Institutions Discover the Appeal of U.K. Housing
Investors are drawn to income and capital growth in a country in which residential property demand outstrips new construction.
Institutional investors have tended to neglect U.K. residential property in the rush to enter the £850 billion ($1.46 trillion) commercial market, a highly popular investment among overseas pension and sovereign wealth funds.
This situation, however, is beginning to change. The question of how to make money from housing has long been one of the staple conversations of dinner party table talk among middle-class Britons. Institutional investors are now joining in. Institutional investment in residential property rose from £1.6 billion in 2012 to £2.5 billion in 2013, according to Savills, the property agent headquartered in London.
Ed Crockett, London-based residential fund manager at £324.5 billion in assets under management Aberdeen Asset Management, the Aberdeen, Scotland–based investment management firm, says that “almost all” of its clients are now “showing interest” in residential investment. “The more adventurous have gone in, and others will follow suit,” he predicts. “Investment will really ratchet up.”
“Increasing numbers of large investors are looking to enter the market,” says James Coghill, head of residential capital markets at Savills. “We’ve started to see a lot in interest just in the past six to 12 months.”
The U.K. housing market is attracting foreign as well domestic buyers. In 2013 Dutch pension fund group APG announced a £158 million co-investment with Grainger, the U.K. residential landlord, in London properties. Swedish real estate company Akelius, owned by the Akelius Foundation, has made a number of purchases in London and the southeast of England.
The appeal of residential property, according to experts, lies in its potential as a hybrid investment. “Residential investment offers a double whammy: durable income and capital growth,” says Aberdeen’s Crockett.
Crockett notes that residential property generally has lower initial yields than does commercial property. “Once you’ve taken off expenses, good-quality residential stock offers 4 to 4.5 percent if you’re lucky,” he says. This compares, he estimates, with initial yields of almost 6 percent for good-quality commercial property. For investors who insist on central London, yields are, he says, below 2 percent—considerably below analysts’ estimates for most good-quality commercial property in the area. However, for commercial property, he adds, “over time capital value will go down. But in residential property, capital value will go up.” Tenants prefer modern, state-of-the-art office and retail property, but in the U.K. residential market, attractiveness does not decline with age.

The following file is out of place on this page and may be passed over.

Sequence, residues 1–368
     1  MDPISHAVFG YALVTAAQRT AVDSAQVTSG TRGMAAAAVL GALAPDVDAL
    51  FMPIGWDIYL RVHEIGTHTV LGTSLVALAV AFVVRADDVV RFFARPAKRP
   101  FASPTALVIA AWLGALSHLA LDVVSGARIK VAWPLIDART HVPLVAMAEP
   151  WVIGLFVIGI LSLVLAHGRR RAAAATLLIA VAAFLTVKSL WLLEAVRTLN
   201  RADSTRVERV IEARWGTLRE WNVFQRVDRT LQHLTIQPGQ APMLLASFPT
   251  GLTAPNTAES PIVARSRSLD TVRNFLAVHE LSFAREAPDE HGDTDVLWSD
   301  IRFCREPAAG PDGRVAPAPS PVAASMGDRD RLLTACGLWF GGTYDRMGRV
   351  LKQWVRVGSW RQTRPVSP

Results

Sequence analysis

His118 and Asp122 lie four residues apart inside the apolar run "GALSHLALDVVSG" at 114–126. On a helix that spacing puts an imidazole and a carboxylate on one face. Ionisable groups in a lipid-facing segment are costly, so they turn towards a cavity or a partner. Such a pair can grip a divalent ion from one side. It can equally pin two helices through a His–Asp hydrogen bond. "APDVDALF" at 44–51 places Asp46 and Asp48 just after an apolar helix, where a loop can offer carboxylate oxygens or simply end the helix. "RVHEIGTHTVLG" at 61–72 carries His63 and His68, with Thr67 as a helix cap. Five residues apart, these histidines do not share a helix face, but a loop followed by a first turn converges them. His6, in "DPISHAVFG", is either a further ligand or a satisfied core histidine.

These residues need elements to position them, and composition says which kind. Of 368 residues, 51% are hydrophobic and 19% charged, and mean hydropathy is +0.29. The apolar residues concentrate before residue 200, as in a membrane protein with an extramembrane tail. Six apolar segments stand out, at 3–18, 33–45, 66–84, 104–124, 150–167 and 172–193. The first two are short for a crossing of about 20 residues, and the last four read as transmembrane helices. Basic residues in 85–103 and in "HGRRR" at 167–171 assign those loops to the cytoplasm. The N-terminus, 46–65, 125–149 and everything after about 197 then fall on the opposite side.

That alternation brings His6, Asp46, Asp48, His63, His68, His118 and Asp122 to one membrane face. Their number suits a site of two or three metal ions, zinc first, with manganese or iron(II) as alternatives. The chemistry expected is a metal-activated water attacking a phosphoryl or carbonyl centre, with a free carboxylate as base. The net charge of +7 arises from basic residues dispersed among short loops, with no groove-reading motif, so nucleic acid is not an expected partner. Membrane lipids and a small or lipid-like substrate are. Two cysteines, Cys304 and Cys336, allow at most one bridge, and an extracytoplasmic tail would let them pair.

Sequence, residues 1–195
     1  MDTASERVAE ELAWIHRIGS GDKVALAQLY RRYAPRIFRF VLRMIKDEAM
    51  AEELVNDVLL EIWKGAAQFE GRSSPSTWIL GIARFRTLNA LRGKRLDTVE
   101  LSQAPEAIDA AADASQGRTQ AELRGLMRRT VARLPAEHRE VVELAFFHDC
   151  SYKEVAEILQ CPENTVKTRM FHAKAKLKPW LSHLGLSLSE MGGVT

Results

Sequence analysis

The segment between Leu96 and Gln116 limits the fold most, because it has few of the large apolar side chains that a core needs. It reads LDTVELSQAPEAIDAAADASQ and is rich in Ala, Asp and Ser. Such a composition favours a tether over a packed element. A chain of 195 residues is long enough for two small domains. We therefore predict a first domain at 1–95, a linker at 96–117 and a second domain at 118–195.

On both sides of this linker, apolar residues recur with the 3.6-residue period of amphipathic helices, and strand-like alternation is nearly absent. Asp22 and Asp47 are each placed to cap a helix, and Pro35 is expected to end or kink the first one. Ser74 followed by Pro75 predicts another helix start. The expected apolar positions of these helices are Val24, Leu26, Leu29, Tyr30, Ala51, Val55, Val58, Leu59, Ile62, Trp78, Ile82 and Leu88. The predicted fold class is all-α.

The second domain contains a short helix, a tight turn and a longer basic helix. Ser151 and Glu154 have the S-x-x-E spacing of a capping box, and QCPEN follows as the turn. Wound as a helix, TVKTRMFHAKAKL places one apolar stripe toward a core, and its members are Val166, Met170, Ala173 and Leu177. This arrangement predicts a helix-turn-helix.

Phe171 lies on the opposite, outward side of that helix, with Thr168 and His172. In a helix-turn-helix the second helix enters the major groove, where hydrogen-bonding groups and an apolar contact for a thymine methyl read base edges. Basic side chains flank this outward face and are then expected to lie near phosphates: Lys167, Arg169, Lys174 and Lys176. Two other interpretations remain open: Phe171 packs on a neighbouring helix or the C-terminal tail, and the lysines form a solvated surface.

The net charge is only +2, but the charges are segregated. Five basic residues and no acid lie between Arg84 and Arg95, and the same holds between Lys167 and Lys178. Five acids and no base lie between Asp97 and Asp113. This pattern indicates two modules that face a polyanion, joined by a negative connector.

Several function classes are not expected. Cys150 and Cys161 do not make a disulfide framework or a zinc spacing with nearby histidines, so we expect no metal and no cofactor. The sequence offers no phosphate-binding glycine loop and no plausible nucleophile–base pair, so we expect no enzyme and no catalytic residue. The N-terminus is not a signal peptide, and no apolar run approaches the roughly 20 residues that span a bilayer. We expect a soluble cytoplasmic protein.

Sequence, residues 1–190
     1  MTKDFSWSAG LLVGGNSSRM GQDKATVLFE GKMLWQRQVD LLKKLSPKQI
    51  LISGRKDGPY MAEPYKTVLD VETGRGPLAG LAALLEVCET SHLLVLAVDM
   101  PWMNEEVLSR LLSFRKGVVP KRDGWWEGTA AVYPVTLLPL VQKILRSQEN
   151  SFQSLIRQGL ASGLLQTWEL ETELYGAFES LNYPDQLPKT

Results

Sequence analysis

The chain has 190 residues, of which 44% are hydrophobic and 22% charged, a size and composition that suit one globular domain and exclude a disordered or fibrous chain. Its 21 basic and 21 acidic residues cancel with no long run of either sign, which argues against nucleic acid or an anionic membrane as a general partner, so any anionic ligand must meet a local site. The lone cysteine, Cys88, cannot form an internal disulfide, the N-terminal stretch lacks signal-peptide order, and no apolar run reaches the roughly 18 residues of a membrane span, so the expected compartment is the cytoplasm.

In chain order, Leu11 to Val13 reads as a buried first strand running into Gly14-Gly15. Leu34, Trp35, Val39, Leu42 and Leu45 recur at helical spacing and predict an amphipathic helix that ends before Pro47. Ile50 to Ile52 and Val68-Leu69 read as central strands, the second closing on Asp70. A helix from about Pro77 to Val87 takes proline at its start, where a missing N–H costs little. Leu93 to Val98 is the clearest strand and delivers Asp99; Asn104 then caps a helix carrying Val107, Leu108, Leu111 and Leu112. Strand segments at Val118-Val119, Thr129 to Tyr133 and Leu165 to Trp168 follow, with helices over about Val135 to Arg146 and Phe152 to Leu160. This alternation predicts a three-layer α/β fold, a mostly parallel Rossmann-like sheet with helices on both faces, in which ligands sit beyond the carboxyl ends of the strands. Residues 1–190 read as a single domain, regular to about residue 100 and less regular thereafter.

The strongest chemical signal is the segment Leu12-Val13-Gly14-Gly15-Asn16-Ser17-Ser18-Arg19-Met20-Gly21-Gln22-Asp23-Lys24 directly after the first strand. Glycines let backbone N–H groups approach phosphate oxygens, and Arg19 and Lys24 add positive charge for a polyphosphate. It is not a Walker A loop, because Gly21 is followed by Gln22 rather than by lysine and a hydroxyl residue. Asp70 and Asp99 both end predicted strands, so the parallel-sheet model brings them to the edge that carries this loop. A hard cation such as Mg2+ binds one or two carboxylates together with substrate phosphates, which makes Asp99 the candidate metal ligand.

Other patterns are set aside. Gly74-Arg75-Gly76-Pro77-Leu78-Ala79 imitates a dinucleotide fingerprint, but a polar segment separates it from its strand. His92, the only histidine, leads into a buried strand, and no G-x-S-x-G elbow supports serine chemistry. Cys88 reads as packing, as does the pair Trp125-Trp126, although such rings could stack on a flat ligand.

The capital value of British residential property is constantly boosted by a deeply rooted structural imbalance between supply and demand. “The government’s own figures show a requirement for 250,000 homes a year, and we have actually built 112,000 over the past year,” says Alex Greaves, London-based residential fund manager at M&G Real Estate, part of U.K. investment manager M&G Investments with assets under management of £248 billion. “We’ve never met the requirements, and we’re highly unlikely to meet the requirements in any way, shape or form.”
The demand for homes has been boosted by high numbers of immigrants, but the supply is curtailed by strict planning laws and low levels of homebuilding by local municipalities — previously avid builders. In London, where the gap between supply and demand is particularly wide, house prices were up 15.5 percent year-on-year in the first quarter of 2014, according to the Halifax House Price Index.
M&G Investments bought 534 homes in London and southern England for £105 million from Berkeley Group, a developer, in 2013. It also owns properties in east London, close to London’s City and Docklands financial districts.
Institutional investors hope that over time they can increase yields by managing their portfolios more effectively. Savills’ Coghill says there is potential for institutional rental to become a “premium product,” able to charge tenants higher rents than small landlords. He cites the value-adding concierge services offered by apartment blocks in New York. In addition, social events such as wine tasting evenings could decrease vacancy rates — estimated at 3 to 5 percent for well-managed blocks. “If people can build relationships with other people in the block, they are likely to stay for longer,” he says.
Investors need also to consider what will happen to the residential market if interest rates rise, potentially hitting the capital value of their investments by deflating the house-price boom. Financial markets expect the Bank of England to raise its repo rate, currently 0.5 percent, by this time next year.
However, Aberdeen’s Crockett describes an interest rate rise as “not a huge problem.” He says that institutional investors in property are looking on a long-term basis, making them less susceptible to house price volatility. Many investors believe that even if house prices fall temporarily, the imbalance between supply and demand will keep them on a long-term upward trajectory.
M&G’s Greaves says that tighter monetary policy could, in one sense at least, even increase the investment potential of rental. “If interest rates rise, it will be more expensive for people to borrow money, and potentially more challenging for them to buy the kind of house they want. So there could be fewer people buying and more people going into the rental market.”